Chip, but no PIN. Is this technology really keeping our finances safe? Is fraud going down? If my experience is any indication of what’s going on in the United States, chip security has some cracks in it.
Just the other day on my way to work I got a call from my bank. I typically don’t answer a number on my cell that I don’t recognize but that morning I did. And I’m glad I did. It was the fraud detection bureau at Bank of America. They were wondering if I have gone an eating spree that morning. First to Applebee’s for $115 then a couple of trips to Dunkin Donuts for $50 a pop.
Well, since I don’t eat at Applebee’s or Dunkin Donuts, it only took a moment for me to confirm, “nope it wasn’t me.”
Compromised, And Not Forgotten
Now here is the interesting part. I got an email 12 days ago from my bank saying that same credit card had been compromised. They didn’t say how or when, just that it was and that I would get a new card in the mail, but until that time I could still use the “compromised card.” I got the new card last Friday and cut up the old one up. Problem solved.
But why did this fraud happen today, three days after my card was canceled? Beats me.
BoA paid the Applebee’s bill but declined the Dunkin Donuts charges. At a minimum, the bank is out $115. Here’s the kicker. My card has a chip, but no PIN. Unlike the European standard, here in the United States, not all banks require you to set a PIN for the EMV chip. Perhaps if the thieves needed to enter a PIN, this type of fraud would be harder to commit. But so far, since EMV cards were deployed in the United States, incidents of identity fraud have actually increased by 16 percent, according to a study by Javelin Strategy & Research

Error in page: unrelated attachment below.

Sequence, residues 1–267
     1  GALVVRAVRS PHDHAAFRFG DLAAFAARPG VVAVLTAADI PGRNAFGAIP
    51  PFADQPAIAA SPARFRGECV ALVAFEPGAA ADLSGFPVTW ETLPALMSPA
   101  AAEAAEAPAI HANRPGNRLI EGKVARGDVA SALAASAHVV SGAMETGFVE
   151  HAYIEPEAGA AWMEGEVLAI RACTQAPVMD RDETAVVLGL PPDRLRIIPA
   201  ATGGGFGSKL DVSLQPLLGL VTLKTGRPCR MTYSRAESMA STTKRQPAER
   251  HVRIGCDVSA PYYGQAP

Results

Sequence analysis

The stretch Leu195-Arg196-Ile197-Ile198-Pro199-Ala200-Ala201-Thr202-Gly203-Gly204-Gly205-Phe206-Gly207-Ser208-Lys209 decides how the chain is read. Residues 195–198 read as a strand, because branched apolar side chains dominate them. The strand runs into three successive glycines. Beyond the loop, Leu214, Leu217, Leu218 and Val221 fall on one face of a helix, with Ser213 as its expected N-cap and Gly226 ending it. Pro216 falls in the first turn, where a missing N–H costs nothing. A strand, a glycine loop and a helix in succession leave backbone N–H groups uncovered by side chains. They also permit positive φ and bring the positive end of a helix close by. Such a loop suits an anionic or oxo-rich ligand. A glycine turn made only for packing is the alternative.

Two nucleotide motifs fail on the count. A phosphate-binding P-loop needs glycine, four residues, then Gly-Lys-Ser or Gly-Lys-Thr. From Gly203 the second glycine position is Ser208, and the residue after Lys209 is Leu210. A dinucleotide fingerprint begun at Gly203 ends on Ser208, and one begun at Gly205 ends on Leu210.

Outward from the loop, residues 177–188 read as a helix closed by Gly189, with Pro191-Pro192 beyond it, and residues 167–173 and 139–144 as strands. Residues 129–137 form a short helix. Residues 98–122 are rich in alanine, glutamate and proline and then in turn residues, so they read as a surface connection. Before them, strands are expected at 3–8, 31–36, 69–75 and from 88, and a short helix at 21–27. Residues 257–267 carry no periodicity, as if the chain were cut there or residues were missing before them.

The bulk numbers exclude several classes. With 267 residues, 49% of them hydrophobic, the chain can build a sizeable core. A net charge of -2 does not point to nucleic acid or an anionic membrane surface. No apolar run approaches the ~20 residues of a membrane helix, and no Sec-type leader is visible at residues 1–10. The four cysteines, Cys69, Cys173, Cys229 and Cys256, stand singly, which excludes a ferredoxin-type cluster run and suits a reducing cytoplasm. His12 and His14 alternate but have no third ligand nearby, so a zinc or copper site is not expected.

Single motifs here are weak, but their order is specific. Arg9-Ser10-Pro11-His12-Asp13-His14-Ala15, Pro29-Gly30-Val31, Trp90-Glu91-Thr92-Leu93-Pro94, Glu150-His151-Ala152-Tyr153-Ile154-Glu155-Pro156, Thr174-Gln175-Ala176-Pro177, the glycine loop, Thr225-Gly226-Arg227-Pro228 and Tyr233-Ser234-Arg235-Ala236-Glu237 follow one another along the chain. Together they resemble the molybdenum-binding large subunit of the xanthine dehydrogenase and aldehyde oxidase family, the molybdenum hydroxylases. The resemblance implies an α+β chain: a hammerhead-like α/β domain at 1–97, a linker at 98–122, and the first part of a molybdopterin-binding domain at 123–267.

The United States isn’t alone here though. Even after years of chip & PIN use, Europe saw a large spike in payment fraud in 2015. The UK led the pack with an 18 percent increase in payment fraud, and it is notable that 75 percent of that fraud was from card not present (CNP) transactions. What good is chip and PIN there?
The Missing Link in Chip Security is Strong Authentication
Is a chip alone any stronger than a card without chip security? Is it strong authentication? Think about it. The card is something I have, the PIN code is something I know. Is that enough? Probably not, as both can be easily compromised.
Why aren’t we moving faster to authentication that includes something I am, my biometrics? No question that’s what Apple Pay is pushing forward. I already use it at every merchant that has the capability.
But we also need to ask, is the thumb a strong enough biometric? I think for my $15 purchases at Panera it probably is. But, is it strong enough for my $200 purchases at Whole Foods? Perhaps, but what about my $500 or $5000 purchase at a designer brand in Italy? I think not.
What we need to think about are different types of biometrics that are harder to bypass.
A Better, More Secure, Biometric
Veridium’s 4 Fingers TouchlessID is a step in that direction. There are times that you need to trade off convenience for a bit more security. It might take a moment longer to scan four fingers than to touch your phone with your thumb, but when security matters most that tradeoff might be worth it.
On the call this morning with my bank, the kind woman was eager to point out that I’m not responsible for the fraud. Any charges would be reimbursed to my account. That’s great to know, but someone pays for the x billion dollars in fraud, and you know who it is. All of us. Because the prices of goods and services, banking, insurance, etc., reflect those costs. It’s just not transparent to the consumer.
So if we’re paying for the fraud, we should insist that our financial institutions do what’s possible to reduce it. Perhaps we move to chip and PIN and perhaps we move to biometric authentication. And this time, opt for security over convenience, the security of 4 Fingers.